Guidelines for Defining Packet Timestamps
draft-ietf-ntp-packet-timestamps-06

The information below is for an old version of the document
Document Type Expired Internet-Draft (ntp WG)
Last updated 2019-08-15 (latest revision 2019-02-11)
Replaces draft-mizrahi-intarea-packet-timestamps
Stream IETF
Intended RFC status Informational
Formats
Expired & archived
pdf htmlized bibtex
Additional URLs
- Mailing list discussion
Stream WG state In WG Last Call
Document shepherd Karen O'Donoghue
IESG IESG state Expired
Consensus Boilerplate Unknown
Telechat date
Responsible AD (None)
Send notices to Karen O'Donoghue <odonoghue@isoc.org>

This Internet-Draft is no longer active. A copy of the expired Internet-Draft can be found at
https://www.ietf.org/archive/id/draft-ietf-ntp-packet-timestamps-06.txt

Abstract

Various network protocols make use of binary-encoded timestamps that are incorporated in the protocol packet format, referred to as packet timestamps for short. This document specifies guidelines for defining packet timestamp formats in networking protocols at various layers. It also presents three recommended timestamp formats. The target audience of this memo includes network protocol designers. It is expected that a new network protocol that requires a packet timestamp will, in most cases, use one of the recommended timestamp formats. If none of the recommended formats fits the protocol requirements, the new protocol specification should specify the format of the packet timestamp according to the guidelines in this document. The rationale behind defining a relatively small set of recommended formats is that it enables significant reuse; network protocols can typically reuse the timestamp format of the Network Time Protocol (NTP) or the Precision Time Protocol (PTP), allowing a straightforward integration with an NTP or a PTP-based timer. Moreover, since accurate timestamping mechanisms are often implemented in hardware, a new network protocol that reuses an existing timestamp format can be quickly deployed using existing hardware timestamping capabilities.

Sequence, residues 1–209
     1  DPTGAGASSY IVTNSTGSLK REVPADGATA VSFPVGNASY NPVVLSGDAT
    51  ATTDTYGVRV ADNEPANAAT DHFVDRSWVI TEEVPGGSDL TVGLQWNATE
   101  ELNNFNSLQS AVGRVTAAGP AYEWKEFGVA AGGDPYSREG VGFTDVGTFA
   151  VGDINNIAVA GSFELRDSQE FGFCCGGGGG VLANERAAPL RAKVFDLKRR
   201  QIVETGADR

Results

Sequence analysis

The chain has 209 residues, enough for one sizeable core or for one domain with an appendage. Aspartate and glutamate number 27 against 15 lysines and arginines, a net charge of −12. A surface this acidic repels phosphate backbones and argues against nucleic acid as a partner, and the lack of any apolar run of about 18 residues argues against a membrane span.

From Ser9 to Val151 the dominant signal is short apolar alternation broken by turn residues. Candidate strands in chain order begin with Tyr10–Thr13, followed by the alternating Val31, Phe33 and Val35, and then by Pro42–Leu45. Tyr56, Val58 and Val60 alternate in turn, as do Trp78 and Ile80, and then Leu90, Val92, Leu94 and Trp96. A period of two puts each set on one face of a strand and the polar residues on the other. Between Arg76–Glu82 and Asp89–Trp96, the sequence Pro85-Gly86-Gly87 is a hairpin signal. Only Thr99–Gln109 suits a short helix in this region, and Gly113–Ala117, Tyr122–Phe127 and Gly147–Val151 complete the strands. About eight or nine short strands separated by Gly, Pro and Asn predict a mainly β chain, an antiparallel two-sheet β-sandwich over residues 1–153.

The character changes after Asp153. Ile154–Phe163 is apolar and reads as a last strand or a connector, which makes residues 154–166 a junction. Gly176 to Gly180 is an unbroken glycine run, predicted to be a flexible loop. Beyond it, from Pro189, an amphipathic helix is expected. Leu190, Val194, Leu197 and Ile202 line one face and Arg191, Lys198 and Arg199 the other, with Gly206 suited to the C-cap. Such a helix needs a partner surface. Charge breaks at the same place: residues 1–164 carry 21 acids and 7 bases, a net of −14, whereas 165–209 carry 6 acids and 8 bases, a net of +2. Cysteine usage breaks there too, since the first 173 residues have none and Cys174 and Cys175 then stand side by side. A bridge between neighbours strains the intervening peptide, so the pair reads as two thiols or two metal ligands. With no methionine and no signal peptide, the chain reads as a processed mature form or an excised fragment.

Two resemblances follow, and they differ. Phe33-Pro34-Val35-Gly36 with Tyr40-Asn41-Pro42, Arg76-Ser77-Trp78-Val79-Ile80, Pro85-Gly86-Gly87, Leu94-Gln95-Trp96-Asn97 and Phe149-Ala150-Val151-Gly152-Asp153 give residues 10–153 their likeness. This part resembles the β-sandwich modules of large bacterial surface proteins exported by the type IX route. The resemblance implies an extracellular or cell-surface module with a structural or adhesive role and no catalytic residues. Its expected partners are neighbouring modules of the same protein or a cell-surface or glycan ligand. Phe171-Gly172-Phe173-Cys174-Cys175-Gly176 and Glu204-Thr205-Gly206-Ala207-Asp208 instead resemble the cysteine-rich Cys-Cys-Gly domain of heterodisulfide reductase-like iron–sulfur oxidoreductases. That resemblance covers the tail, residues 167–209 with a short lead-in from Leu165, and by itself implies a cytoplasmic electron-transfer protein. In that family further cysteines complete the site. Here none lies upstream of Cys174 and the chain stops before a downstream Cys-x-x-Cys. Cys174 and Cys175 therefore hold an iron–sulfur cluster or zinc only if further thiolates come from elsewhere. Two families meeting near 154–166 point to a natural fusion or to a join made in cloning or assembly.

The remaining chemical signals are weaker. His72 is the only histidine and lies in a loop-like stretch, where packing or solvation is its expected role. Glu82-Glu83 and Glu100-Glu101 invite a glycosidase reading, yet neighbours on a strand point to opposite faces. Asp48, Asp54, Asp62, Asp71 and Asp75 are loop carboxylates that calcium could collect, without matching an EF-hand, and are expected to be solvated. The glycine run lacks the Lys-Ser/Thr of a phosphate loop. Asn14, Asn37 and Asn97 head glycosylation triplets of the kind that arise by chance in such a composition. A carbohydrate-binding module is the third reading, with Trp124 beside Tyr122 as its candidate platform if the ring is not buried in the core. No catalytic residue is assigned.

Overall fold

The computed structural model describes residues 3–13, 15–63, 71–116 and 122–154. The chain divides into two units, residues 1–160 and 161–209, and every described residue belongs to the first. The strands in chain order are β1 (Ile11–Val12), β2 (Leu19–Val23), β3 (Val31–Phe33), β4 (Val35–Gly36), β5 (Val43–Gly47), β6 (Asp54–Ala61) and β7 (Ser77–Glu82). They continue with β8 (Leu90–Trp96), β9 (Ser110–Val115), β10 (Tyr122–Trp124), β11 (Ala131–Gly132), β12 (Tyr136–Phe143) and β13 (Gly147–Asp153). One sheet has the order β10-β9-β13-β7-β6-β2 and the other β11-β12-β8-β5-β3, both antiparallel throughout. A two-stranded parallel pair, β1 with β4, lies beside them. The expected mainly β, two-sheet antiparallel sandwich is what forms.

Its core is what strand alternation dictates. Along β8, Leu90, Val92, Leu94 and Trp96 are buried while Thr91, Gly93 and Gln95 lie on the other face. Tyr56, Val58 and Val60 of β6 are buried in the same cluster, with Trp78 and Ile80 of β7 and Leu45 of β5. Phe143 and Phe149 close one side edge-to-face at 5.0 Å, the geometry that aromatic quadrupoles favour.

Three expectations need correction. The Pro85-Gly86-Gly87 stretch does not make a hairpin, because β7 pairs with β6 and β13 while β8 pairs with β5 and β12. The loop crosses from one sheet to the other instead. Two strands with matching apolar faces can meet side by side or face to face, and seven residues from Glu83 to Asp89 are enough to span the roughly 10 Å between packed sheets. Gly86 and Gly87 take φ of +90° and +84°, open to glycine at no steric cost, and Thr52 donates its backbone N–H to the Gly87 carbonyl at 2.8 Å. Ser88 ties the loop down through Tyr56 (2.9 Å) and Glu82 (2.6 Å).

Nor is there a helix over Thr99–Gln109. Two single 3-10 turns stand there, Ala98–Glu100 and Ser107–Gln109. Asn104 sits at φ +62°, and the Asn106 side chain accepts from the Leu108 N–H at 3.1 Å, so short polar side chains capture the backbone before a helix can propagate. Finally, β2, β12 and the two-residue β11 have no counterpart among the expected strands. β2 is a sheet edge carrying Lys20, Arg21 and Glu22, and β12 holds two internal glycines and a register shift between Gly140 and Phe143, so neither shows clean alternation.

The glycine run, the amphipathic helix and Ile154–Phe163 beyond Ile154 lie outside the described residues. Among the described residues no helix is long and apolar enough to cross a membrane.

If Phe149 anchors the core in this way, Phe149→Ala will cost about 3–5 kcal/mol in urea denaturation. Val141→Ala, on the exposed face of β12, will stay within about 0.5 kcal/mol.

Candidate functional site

Authors

Tal Mizrahi (tal.mizrahi.phd@gmail.com)
Joachim Fabini (joachim.fabini@tuwien.ac.at)
Al Morton (acmorton@att.com)

(Note: The e-mail addresses provided for the authors of this Internet-Draft may no longer be valid.)